Thursday, June 30, 2011

The Right to Garden--A Call to Action

A major theme of this blog is that you can save a ton of money on food by growing some of it yourself, whether you can only find room for a plant or two in containers, turn your whole yard into a garden a la Edible Estates (or my Trailer Park Homestead, to a slightly lesser extent), or something in between.  I've maintained that anyone can grow a garden on some scale.  Some readers have argued that that isn't true though.  Some places, anything from areas with homeowner associations to low-income housing apparently have regulations that say that you can't garden at all in any form in some cases.  In other cases, residents are only allowed to grow decorative plants (the example cited in this case was specifically low-income housing).

This has to change.

In this time of economic difficulty for so many people, being able to grow their own food should be viewed as a fundamental human right. 

What I propose is federal "Right to Garden" legislation that would guarantee the right of everyone to grow food in some fashion.  I think that it should state that anywhere that gardening of ornamental plants is allowed, edibles should also be allowed.  If a landlord doesn't want the ground of their property torn up, they should not be able to prevent tenants from at least having a container garden.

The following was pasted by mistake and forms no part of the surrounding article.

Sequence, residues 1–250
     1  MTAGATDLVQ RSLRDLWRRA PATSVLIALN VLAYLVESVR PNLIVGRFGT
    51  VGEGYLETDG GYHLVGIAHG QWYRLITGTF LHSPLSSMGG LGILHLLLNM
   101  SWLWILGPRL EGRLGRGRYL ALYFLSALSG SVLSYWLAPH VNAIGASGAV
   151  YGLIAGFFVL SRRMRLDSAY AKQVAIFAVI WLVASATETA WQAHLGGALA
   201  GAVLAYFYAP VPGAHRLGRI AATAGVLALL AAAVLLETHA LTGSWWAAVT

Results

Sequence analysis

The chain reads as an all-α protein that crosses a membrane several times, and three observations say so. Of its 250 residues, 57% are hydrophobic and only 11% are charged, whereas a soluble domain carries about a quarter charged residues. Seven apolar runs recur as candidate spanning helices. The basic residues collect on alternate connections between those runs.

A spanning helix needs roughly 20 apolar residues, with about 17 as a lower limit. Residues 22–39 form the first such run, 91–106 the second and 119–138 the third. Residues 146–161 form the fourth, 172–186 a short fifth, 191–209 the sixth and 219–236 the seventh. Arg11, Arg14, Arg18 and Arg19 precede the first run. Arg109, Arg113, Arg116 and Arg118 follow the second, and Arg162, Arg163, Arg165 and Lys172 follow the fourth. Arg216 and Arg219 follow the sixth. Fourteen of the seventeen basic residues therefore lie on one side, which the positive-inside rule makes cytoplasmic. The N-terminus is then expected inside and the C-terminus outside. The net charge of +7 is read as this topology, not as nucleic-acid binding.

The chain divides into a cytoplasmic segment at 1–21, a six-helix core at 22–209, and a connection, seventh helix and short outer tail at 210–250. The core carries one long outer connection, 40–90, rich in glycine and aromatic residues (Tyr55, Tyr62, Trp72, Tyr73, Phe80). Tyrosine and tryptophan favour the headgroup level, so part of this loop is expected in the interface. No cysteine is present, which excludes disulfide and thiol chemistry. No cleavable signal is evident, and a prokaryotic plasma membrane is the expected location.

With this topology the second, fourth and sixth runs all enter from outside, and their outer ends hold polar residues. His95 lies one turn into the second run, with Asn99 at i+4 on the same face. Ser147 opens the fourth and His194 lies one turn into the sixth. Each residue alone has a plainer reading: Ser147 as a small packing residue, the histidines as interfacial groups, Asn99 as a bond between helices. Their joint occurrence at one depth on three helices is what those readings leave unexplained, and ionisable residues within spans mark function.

I find it especially upsetting that low-income housing would restrict tenants from growing food.  These people are most likely dependent on food assistance from the government in addition to the housing assistance, so wouldn't it make more sense for the government to encourage people to grow their own food rather than restrict it?  This is why I think this should be pushed at the federal level: food stamp funding is largely (if not entirely, I'm not really sure) federal, so these stupid policies are cutting into the federal budget, so that is where the problem should be addressed.

With all this in mind, I'm writing my US Senators and Representative this week, along with Michelle Obama, since this issue fits so nicely with her Let's Move campaign to end childhood obesity.  I urge you to do the same.

I'll even make it easy on you:

Click here to find your Senators' contact information 

Click here to find your Representative's contact information

Michelle Obama can  be contacted at:
The White House
1600 Pennsylvania Avenue NW
Washington, DC 20500

Feel free to share your letters here in the comments and please share this post with your friends so they can help promote the Right to Garden as well!

Wednesday, June 29, 2011

Pests & Promises--A Trailer Park Homestead Update

This week, my garden has given me many glimpses of the cheap, healthy, delicious food to come.  A lot of flowers are starting to have lumps and bumps at their base, forming the foods that are to come.  Tiny green tomatoes lurk under leaves.  Some of my corn has even begun tassling. 
Future cucumbers...
future zucchinis....
futu...oh, wait.  This is past broccoli.  We actually ate this in chicken teriyaki last night for dinner!
I'd never seen a ground cherry plant before I started growing them, but I think the every increasing bushiness of these things is fairly promising!
Getting close to having homegrown tomatoes!
My blue jade corn appears to be having some interesting thoughts as well!